We all have a superhero inside of us -- it just takes a bit of magic to bring it out. In 14-year-old Billy Batson's case, all he needs to do is shout out one word to transform into the adult superhero Shazam. Still a kid at heart, Shazam revels in the new version of himself by doing what any other teen would do -- have fun while testing out his newfound powers. But he'll need to master them quickly before the evil Dr. Thaddeus Sivana can get his hands on Shazam's magical abilities.
Directors: David F. Sandberg
Writers: Darren Lemke (Story by), Henry Gayden (Story and Screenplay by
Cast: Asher Angel, Zachary Levi, Mark Strong, Jack Dylan Grazer, Djimon Hounsou, Grace Fulton, Ian Chen, Jovan Armand, Faithe Herman, Cooper Andrews, Marta Milans
Shazam is a character with a long lineage in comics and an similarly long list of aliases and legal issues. The Superman-like hero debuted in 1940 with the name Captain Marvel, which of course clashed with the Marvel hero of the same name. Perhaps it is thus fitting that this film releases within just months of the Marvel film.
The film is heavily influenced by Geoff Johns and Gary Frank’s 2012 run on the character which sees foster home runaway Billy Batson (Asher Angel) put in the care of the Victor and Marta Vasquez (Cooper Andrews & Marta Milans) with their 5 other foster children, including Freddy Freeman. After being chased by a set of bullies who had been picking on Freddy, Billy is magically transported to the Rock of Eternity where the Wizard Shazam (Djimon Hounsou) bestows Billy with the ability to transform into an adult superhero (Zachary Levi) when he says the Wizard’s name. Unfortunately Dr. Thadeous Sivanna (Mark Strong), one of several people who had been transported before the Wizard and was deemed unworthy, had previously returned to the Rock of Eternity and set free the spirits of the Seven Deadly Sins. After using the Sins to seek some personal revenge, he set his sights on claiming Billy’s power so he can’t be stopped.
The joy and excitement of discovering one’s superpowers has never been enjoyed on film as much as it is here. The sequences of Billy and Freddy testing out his potential abilities are some of the high points of the film. The happiness on Zachary Levi’s face everytime he does something new is very entertaining to watch. While we have seen several kid-in-adult-body movies before, the addition of superpowers adds a fun element to it which make a lot of the jokes we’ve seen before have a fresh feel to them.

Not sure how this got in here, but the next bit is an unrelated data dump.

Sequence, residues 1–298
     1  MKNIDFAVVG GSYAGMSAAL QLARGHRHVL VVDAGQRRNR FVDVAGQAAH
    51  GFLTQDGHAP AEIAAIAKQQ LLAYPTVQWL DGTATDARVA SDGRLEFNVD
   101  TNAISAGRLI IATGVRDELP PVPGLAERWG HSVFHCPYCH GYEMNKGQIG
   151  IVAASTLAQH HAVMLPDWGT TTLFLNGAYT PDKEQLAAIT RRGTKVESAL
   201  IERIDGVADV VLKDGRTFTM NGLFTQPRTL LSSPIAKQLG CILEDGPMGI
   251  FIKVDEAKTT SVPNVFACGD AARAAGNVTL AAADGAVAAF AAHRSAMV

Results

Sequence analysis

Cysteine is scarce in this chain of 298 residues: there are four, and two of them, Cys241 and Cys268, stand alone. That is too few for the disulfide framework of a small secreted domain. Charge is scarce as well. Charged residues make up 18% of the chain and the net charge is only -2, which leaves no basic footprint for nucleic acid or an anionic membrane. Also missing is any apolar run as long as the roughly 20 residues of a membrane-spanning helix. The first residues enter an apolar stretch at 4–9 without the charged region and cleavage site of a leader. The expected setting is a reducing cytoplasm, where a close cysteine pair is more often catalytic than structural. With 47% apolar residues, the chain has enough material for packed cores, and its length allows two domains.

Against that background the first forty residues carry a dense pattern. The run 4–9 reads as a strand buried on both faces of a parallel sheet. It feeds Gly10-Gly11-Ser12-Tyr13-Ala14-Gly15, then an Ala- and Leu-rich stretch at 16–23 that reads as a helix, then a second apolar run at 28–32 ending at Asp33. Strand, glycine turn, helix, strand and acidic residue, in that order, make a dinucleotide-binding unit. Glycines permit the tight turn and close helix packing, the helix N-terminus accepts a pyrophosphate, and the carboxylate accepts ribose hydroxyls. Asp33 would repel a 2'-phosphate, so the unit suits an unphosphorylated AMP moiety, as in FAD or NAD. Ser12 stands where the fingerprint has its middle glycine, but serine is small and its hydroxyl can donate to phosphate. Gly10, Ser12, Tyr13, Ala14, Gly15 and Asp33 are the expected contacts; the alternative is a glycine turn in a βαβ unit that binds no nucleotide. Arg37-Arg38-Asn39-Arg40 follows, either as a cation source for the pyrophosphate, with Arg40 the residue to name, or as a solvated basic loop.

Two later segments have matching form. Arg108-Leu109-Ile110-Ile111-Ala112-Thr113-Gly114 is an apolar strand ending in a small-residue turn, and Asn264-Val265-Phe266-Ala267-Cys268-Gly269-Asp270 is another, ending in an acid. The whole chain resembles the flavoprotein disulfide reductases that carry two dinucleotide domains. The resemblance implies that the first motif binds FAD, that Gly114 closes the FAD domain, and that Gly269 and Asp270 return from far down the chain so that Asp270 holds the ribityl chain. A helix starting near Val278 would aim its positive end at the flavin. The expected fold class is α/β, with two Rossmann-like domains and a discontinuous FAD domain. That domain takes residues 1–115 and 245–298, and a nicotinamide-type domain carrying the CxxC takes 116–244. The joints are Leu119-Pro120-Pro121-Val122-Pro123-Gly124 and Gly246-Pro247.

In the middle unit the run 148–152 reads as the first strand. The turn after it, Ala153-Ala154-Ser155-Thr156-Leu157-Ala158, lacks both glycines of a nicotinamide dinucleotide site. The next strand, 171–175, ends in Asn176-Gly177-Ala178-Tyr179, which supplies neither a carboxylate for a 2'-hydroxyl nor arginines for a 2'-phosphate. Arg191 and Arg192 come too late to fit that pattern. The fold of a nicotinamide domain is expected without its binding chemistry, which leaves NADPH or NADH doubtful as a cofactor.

The dual Billy/Shazam role works well thanks to Zachary Levi and Asher Angel working together pretty seamlessly to make it feel like it is the same person. While Levi gets to stretch his comedic chops acting as an excited teenager, Asher Angel tackles more of the emotional moments, particularly a storyline searching for his mother. While those moments were moving, they felt rushed or tacked on and then glossed over or inconsequential as Billy doesn’t deal with it and moves on from it particularly quickly.
Jack Dylan Grazier is entertaining as the partially paralyzed Freddy Freeman. His love of superheroes and desire to live vicariously through Billy make him very endearing although i could see him being a divisive character as he does come across as a bit annoying at times. When Freddy has a disagreement with Billy, the movie wants you to side with Freddy, but I suspect that some will prefer Billy’s view.
The rest of Billy’s foster family feels really underdeveloped,especially as they play a big part of the 3rd act. Only Darla (Faithe Herman), the sweet and naive little sister who loves to give hugs, and Mary (Grace Fulton), the elder sister who’s about to go to college, have any moments of any substance. Eugene (Ian Chen) and Pedro (Jovan Armand) are almost forgotten about for half the film after their initial introduction and are painted with a very broad brush as the geeky gamer and the shy kid.
Mark Strong does a fine job as the villian Dr. Sivanna but he is only given a handful of scenes with any substance to build the character beyond what he saw in the prologue or to flex his acting chops. Sivanna has a solid motivation but it is pretty basic and uninteresting. The Seven Deadly Sins he controls, and who provide him with his powers, never seem distinguishable or identifiable from each other, which makes a key moment in the climax of the film hard to believe or follow. Shazam! continues DC’s trend of the final confrontation devolving into a CGI laden mess, which in this case doesn’t offer much surprise or feel terribly satisfying. The first fight between Shazam and Sivanna through a shopping mall is quite fun and is something I don’t think I’ve seen before (props for the Big nod).
Shazam! provides a very unique and fun take on the superhero movie but is let down by its average villain and several rushed and underdeveloped elements. Adapting this property to the big screen was always going to require a lot of heavy lifting but it felt like they needed to flesh a few more things out. Still, I won’t be surprised to hear kid screaming out “Shazam” in the hopes they’ll transform into a superhero. We can only hope that the sequel that this sets up is a step up, and potentially star Dwayne Johnson in his long cast role of Black Adam.
Review by Ashley Hobley
Movie was viewed in cinema.
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